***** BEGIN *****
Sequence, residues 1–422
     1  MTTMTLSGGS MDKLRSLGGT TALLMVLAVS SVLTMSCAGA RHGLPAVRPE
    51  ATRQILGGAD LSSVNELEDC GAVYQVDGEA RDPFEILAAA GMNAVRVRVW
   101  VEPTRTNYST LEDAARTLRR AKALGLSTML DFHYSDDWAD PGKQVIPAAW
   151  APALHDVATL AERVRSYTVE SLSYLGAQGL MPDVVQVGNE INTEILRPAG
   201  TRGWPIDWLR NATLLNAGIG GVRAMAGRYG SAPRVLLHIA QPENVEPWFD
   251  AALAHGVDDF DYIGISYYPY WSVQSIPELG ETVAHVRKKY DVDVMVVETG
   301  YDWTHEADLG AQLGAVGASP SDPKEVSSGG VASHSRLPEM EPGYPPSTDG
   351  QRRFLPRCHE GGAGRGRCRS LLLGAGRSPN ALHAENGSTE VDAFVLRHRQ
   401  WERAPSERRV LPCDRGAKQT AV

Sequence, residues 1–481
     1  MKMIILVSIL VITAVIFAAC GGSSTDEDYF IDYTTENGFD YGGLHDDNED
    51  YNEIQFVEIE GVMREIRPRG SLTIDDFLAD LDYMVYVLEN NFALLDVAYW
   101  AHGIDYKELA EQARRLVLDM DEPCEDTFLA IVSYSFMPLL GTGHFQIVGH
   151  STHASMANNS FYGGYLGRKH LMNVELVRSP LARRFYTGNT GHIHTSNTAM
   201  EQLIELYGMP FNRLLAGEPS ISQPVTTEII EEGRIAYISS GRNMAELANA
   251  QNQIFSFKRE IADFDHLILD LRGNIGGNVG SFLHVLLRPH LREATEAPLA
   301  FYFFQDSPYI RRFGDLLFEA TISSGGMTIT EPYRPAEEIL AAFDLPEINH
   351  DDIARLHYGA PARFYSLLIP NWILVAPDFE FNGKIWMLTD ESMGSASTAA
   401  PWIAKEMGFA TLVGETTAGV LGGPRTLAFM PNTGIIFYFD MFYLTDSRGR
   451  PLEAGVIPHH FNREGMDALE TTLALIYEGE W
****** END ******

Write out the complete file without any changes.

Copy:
Sequence, residues 1–422
     1  MTTMTLSGGS MDKLRSLGGT TALLMVLAVS SVLTMSCAGA RHGLPAVRPE
    51  ATRQILGGAD LSSVNELEDC GAVYQVDGEA RDPFEILAAA GMNAVRVRVW
   101  VEPTRTNYST LEDAARTLRR AKALGLSTML DFHYSDDWAD PGKQVIPAAW
   151  APALHDVATL AERVRSYTVE SLSYLGAQGL MPDVVQVGNE INTEILRPAG
   201  TRGWPIDWLR NATLLNAGIG GVRAMAGRYG SAPRVLLHIA QPENVEPWFD
   251  AALAHGVDDF DYIGISYYPY WSVQSIPELG ETVAHVRKKY DVDVMVVETG
   301  YDWTHEADLG AQLGAVGASP SDPKEVSSGG VASHSRLPEM EPGYPPSTDG
   351  QRRFLPRCHE GGAGRGRCRS LLLGAGRSPN ALHAENGSTE VDAFVLRHRQ
   401  WERAPSERRV LPCDRGAKQT AV

Sequence, residues 1–481
     1  MKMIILVSIL VITAVIFAAC GGSSTDEDYF IDYTTENGFD YGGLHDDNED
    51  YNEIQFVEIE GVMREIRPRG SLTIDDFLAD LDYMVYVLEN NFALLDVAYW
   101  AHGIDYKELA EQARRLVLDM DEPCEDTFLA IVSYSFMPLL GTGHFQIVGH
   151  STHASMANNS FYGGYLGRKH LMNVELVRSP LARRFYTGNT GHIHTSNTAM
   201  EQLIELYGMP FNRLLAGEPS ISQPVTTEII EEGRIAYISS GRNMAELANA
   251  QNQIFSFKRE IADFDHLILD LRGNIGGNVG SFLHVLLRPH LREATEAPLA
   301  FYFFQDSPYI RRFGDLLFEA TISSGGMTIT EPYRPAEEIL AAFDLPEINH
   351  DDIARLHYGA PARFYSLLIP NWILVAPDFE FNGKIWMLTD ESMGSASTAA
   401  PWIAKEMGFA TLVGETTAGV LGGPRTLAFM PNTGIIFYFD MFYLTDSRGR
   451  PLEAGVIPHH FNREGMDALE TTLALIYEGE W